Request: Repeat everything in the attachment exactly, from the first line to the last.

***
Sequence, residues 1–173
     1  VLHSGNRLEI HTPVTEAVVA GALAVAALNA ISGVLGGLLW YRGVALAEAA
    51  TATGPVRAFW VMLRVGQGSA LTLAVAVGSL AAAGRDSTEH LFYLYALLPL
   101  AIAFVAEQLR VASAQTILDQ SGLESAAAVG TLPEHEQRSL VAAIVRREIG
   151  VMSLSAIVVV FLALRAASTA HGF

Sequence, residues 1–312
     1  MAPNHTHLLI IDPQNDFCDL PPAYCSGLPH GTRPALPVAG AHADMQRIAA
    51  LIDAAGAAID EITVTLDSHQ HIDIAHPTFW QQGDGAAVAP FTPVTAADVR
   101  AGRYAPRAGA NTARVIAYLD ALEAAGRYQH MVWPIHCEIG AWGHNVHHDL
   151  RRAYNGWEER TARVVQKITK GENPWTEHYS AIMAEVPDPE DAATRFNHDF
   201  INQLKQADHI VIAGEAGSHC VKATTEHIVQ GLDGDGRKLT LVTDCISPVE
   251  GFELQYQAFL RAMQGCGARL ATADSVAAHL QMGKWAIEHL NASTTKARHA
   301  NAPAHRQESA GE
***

Sequence, residues 1–173
     1  VLHSGNRLEI HTPVTEAVVA GALAVAALNA ISGVLGGLLW YRGVALAEAA
    51  TATGPVRAFW VMLRVGQGSA LTLAVAVGSL AAAGRDSTEH LFYLYALLPL
   101  AIAFVAEQLR VASAQTILDQ SGLESAAAVG TLPEHEQRSL VAAIVRREIG
   151  VMSLSAIVVV FLALRAASTA HGF

Sequence, residues 1–312
     1  MAPNHTHLLI IDPQNDFCDL PPAYCSGLPH GTRPALPVAG AHADMQRIAA
    51  LIDAAGAAID EITVTLDSHQ HIDIAHPTFW QQGDGAAVAP FTPVTAADVR
   101  AGRYAPRAGA NTARVIAYLD ALEAAGRYQH MVWPIHCEIG AWGHNVHHDL
   151  RRAYNGWEER TARVVQKITK GENPWTEHYS AIMAEVPDPE DAATRFNHDF
   201  INQLKQADHI VIAGEAGSHC VKATTEHIVQ GLDGDGRKLT LVTDCISPVE
   251  GFELQYQAFL RAMQGCGARL ATADSVAAHL QMGKWAIEHL NASTTKARHA
   301  NAPAHRQESA GE